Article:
To answer your question, Pakistan is such a nation. As is, for that matter, India. These two nations, to the best of anyone's knowledge, only train their nuclear weapons upon one another. Is India not a strong enough ally to protect? Are the people of Pakistan not worthy of freedom from the fear of vaporization?

    For that matter, the US was such a nation during the cold war with the policy of mutually assured destruction. Many 'first strike' scenarios were drawn up too, so don't try the malarkey about defense-only and deterrence. In fact, the US has been the only country in the world to use the power of the atom to intentionally kill people. People we were at war with, but the only ones nonetheless.

    No one obtains nuclear weapons without the intent to use them. Israel included. The cost of development, construction and maintenance is simply too great and the threat of deterrence is not sufficient.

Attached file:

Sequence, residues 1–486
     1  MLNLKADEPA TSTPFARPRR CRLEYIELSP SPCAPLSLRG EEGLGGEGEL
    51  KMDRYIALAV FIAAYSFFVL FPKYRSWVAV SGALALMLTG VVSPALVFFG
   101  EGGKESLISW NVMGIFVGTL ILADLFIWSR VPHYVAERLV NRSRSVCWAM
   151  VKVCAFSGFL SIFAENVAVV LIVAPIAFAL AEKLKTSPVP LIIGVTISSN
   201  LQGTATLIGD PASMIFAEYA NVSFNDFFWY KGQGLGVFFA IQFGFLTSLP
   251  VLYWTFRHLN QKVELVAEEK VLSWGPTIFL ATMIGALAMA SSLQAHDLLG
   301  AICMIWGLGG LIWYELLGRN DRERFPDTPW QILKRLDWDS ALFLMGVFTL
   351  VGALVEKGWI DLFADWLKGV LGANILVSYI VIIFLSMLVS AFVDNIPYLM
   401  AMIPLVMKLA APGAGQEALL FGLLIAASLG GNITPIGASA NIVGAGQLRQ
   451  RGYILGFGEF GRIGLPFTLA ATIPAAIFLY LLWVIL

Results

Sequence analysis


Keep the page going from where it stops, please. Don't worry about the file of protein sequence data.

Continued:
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  36. I dare you to say what you weekly imply: That you make no moral or practical distinction between the threat of nuclear weapons possessed by Achmadinejad and the United States. If so, you live in a fantasy, a dangerous fantasy, too.

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  37. I dare you to say what you weakly imply: That you make no moral or practical distinction between the threat of nuclear weapons possessed by Achmadinejad and the United States. If so, you live in a fantasy, a dangerous fantasy, too.